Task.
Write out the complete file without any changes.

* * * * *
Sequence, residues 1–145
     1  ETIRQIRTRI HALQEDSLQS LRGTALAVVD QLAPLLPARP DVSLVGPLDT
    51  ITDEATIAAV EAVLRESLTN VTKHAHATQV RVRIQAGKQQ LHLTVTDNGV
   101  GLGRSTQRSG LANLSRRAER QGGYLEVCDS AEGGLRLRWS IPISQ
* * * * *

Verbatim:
Sequence, residues 1–145
     1  ETIRQIRTRI HALQEDSLQS LRGTALAVVD QLAPLLPARP DVSLVGPLDT
    51  ITDEATIAAV EAVLRESLTN VTKHAHATQV RVRIQAGKQQ LHLTVTDNGV
   101  GLGRSTQRSG LANLSRRAER QGGYLEVCDS AEGGLRLRWS IPISQ